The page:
“For we who have believed do enter that rest, as He has said: ‘So I swore in My wrath,`They shall not enter My rest,’ although the works were finished from the foundation of the world. For He has spoken in a certain place of the seventh day in this way: ‘And God rested on the seventh day from all His works’” (Heb 4:3-4 NKJV). . . “again He designates a certain day, saying in David, ‘Today,’ after such a long time, as it has been said: ‘Today, if you will hear His voice, Do not harden your hearts.’ For if Joshua had given them rest, then He would not afterward have spoken of another day. There remains therefore a rest for the people of God. For he who has entered His rest has himself also ceased from his works as God did from His” (Heb 4:7-10 NKJV).

That the writer refers to creation and the Sabbath and yet said that Joshua spoke of another day is suggestive of something beyond the literal Sabbath day itself. Most theologians believe the writer of Hebrews is here speaking of the spiritual rest in Christ. Yet this earthly rest is also a foretaste of the heavenly rest to come. This can be seen metaphorically when we consider that it has been about 6000 years (six millenniums) since the creation of the earth so that we are about to enter the seventh millennium. Therefore in a sense just like the sacrifice of the lamb in the earthly sanctuary was symbolic of what was to come so the Sabbath is a symbol of the millennial rest we will have following the Second Advent.

If the seventh day Sabbath indeed points to a heavenly rest, we need to ask what our relationship should be to the seventh-day Sabbath. Historically we have been worked up over just how we should keep the Sabbath, which is important when considering it as a command of God. “Therefore the children of Israel shall keep the Sabbath, to observe the Sabbath throughout their generations as a perpetual covenant” (Ex 31:16 NKJV).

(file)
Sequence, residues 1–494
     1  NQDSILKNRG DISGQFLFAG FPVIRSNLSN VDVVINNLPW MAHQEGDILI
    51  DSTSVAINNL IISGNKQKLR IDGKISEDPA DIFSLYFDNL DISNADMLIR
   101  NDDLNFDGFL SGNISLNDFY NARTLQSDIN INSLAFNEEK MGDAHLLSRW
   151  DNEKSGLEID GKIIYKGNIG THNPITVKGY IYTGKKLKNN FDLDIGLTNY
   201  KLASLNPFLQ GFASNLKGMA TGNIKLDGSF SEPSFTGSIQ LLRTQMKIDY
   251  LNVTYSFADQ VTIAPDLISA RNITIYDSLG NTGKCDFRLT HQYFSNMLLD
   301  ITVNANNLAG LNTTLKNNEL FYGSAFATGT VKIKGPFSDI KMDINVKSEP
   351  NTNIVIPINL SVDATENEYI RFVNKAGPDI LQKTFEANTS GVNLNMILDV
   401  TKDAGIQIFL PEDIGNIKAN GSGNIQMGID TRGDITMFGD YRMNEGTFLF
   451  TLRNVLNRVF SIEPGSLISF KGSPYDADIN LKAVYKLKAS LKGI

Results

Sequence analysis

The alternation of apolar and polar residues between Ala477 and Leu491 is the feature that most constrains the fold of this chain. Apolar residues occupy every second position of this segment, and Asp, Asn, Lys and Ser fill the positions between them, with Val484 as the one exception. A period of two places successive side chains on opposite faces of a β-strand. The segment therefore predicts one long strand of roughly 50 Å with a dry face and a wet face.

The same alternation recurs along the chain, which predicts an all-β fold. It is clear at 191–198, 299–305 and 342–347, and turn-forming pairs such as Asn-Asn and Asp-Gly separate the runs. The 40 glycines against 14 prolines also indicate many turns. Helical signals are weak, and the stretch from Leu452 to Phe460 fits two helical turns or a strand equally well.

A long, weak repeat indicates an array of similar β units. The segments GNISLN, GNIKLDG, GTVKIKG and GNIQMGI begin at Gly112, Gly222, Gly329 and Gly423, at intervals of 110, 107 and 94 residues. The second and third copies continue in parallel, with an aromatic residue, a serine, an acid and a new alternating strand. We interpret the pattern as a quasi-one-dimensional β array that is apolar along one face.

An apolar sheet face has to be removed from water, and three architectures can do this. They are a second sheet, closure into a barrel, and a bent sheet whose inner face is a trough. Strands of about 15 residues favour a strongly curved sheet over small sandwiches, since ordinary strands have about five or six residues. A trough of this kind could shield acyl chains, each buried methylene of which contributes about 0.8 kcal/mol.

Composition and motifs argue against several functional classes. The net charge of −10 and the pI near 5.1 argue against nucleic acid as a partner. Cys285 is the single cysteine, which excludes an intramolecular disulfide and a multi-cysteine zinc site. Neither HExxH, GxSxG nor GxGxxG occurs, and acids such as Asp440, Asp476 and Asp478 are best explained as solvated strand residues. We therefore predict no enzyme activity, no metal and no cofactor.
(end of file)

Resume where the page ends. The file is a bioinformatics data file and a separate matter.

But we need to also realize that God designed the Sabbath for more than one purpose. It is intended to give us much-needed rest from six days of labor. Even our minds are to rest from worldly thoughts and focus on the Lord of the Sabbath. He asks us to remember that He created everything on the earth not in billions of years but in six short days and because He created us (Ex 20; Gen 2:1-3), we belong to Him. He also owns us because He has redeemed us as he redeemed Israel and brought them out of the slavery of Egypt (Deut 5). So we are doubly His. We may, therefore, by faith rest in the assurance of being adopted sons and daughters of the King of the universe.

We can also through Sabbath observance, by faith, look forward to the millennial rest and a place in heaven. And, “just as Abraham ‘believed God, and it was accounted to him for righteousness’ (Gal 3:6 NKJV) and “waited for the city which has foundations, whose builder and maker is God” (Heb 11:10 NKJV), we can look forward to our heavenly home. Abraham lived a nomadic life, and he knew what it was to be a stranger in a foreign land. He longed for that permanent place in heaven that God had promised. We sometimes get too comfortable in this sinful world, but the Sabbath should remind us that we are only strangers here and on our way to the promised heavenly home (John 14:2-3).

So how should we keep the Sabbath in this sinful world as we look forward to our promised inheritance which starts with the millennium?

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The Sabbath Rest — 10 Comments

  1. Tyler I alway enjoy reading your posts, and is intrigue with writers views on sabbath-keeping. A lot is said about don't be legalistic about it, but not much about how not to. Since sabbath-keeping is an expressed law of God, how can we help not being legalistic, for the legal requirement of the law must be meet - aint it?